> We have pretty much stopped using intel object files
> and executables (which were originally used for unit
> testing), since the application code contains calls
> to device drivers which only exist on the target.
Maybe you should go back to unit testing on the intel platform. By doing so you could see if the memory leaks are in the application code or the target devices drivers/libraries.
> I think we've gone past the point where we can
> compile a full application for intel, we use custom
> device drivers on the ppc target and while we could
> write intel stub versions of these there would be
> some work involved.
The advantages are better control over your test environment. The stubs need only be very basic and could automatically log all interactions with them. The advantages of doing this is that you could do most of your testing on the intel platform (pretty much everything but performance) and be relatively sure that your application works.
> We're doing some deskchecking and that is proving
> useful. The kneejerk management response was to buy
> third party tools. Rational purify - at first glance
> not supported for linux - does anyone know is it
> possible to use? Parasoft insure++ - it looked like
> there was a free time limited demo but when we
> requested it we were promptly asked for 40,000 euro
> for a five site license.
Purify is not supported on linux and when I asked them early last year they had no plans to even think about it.
Insure++ is a very good tool. It does both static and runtime checking for lots of different memory errors. But as you've seen it doesn't come cheap - although the EUR40k seems over the top. Plus, AFAIK it only runs on an intel platform so you'll need to create your stubs anyway.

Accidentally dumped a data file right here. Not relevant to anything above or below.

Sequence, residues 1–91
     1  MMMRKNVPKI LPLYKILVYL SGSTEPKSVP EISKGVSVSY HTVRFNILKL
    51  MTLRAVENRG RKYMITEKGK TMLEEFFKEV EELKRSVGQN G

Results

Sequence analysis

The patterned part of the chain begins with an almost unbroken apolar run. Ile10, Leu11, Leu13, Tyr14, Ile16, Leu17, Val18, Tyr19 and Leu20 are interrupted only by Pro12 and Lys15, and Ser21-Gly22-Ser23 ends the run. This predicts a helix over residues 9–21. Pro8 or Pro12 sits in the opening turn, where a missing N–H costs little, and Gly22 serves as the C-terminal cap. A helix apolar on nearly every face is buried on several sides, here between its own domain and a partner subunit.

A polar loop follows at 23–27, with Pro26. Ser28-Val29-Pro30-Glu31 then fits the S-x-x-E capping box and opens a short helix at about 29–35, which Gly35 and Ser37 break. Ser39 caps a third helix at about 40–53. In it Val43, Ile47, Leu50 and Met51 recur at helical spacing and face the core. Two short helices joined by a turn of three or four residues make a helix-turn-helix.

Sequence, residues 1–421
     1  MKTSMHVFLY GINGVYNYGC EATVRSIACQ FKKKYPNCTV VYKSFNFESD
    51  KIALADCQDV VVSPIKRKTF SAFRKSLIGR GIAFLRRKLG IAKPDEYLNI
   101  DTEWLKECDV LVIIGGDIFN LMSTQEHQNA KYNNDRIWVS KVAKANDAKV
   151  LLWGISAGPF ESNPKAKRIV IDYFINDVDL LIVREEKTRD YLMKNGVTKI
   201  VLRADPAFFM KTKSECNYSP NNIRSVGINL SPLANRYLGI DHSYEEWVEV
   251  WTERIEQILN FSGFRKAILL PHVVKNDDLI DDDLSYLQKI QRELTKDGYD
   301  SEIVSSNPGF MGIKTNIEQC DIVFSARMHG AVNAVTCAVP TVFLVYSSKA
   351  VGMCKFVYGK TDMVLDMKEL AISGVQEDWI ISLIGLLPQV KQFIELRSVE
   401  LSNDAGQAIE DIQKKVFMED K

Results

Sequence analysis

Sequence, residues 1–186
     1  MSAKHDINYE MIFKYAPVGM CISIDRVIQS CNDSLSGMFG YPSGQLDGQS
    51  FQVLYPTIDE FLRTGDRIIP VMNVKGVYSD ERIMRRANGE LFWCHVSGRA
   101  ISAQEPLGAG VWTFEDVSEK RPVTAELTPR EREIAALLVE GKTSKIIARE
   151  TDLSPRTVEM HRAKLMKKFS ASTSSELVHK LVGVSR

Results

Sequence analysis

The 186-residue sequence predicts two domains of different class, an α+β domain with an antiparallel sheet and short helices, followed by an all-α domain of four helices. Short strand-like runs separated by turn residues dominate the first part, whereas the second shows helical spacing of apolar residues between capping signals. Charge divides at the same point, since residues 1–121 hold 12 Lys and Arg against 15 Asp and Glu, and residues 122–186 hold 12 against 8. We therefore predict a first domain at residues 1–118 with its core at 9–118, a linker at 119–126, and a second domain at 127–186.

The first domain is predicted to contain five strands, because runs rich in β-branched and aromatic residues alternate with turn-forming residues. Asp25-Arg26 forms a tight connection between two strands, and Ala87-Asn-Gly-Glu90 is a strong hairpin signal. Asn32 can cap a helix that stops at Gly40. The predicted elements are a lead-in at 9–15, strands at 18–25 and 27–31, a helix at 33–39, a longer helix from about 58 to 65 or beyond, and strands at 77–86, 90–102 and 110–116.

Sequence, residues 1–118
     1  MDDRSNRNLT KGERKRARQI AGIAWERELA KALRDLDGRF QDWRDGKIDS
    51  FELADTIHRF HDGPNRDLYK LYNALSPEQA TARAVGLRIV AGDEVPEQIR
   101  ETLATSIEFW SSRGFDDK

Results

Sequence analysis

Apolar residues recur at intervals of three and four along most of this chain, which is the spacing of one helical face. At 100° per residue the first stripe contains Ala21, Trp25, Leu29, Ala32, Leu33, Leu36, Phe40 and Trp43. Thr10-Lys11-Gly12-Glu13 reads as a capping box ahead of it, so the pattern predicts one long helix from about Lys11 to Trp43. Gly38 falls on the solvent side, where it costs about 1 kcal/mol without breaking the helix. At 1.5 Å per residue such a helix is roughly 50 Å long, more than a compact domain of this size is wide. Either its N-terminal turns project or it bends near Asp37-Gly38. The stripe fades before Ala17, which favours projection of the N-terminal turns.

Another tool worth checking out is Rational's Test Realtime (http://www.rational.com/products/testrt/index.jsp). This comes with various different tools for code coverage, memory checking, performance profiling, etc. I know it can run on an intel linux system, but not too sure if it supports a PPC target. Why it may be of interest is that it can do automatic stub generation and a lot more helping with unit testing, system testing and a lot more. Again it's fairly axpensive at roughly EUR18k for a floating license.
On the subject of unit test generation you might look at http://www.vectorcast.com
I looked at them a while back. Their package looks strong but at the time they only supported embedded C++ not the full C++ standard which ruled them out for us.
And finally another tool worth looking at is codetest from AMC (http://www.amc.com). It's extrememly expensive but instruments your code to introduce special writes that a hardware probe picks up giving very good performance and memory profiling, code coverage and much more.
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